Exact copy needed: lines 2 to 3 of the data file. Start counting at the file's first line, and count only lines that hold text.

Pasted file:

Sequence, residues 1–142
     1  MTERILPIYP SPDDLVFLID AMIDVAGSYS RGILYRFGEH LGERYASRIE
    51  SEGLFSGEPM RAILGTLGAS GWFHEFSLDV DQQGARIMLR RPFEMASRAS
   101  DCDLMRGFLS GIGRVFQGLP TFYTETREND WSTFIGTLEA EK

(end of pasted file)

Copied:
     1  MTERILPIYP SPDDLVFLID AMIDVAGSYS RGILYRFGEH LGERYASRIE
    51  SEGLFSGEPM RAILGTLGAS GWFHEFSLDV DQQGARIMLR RPFEMASRAS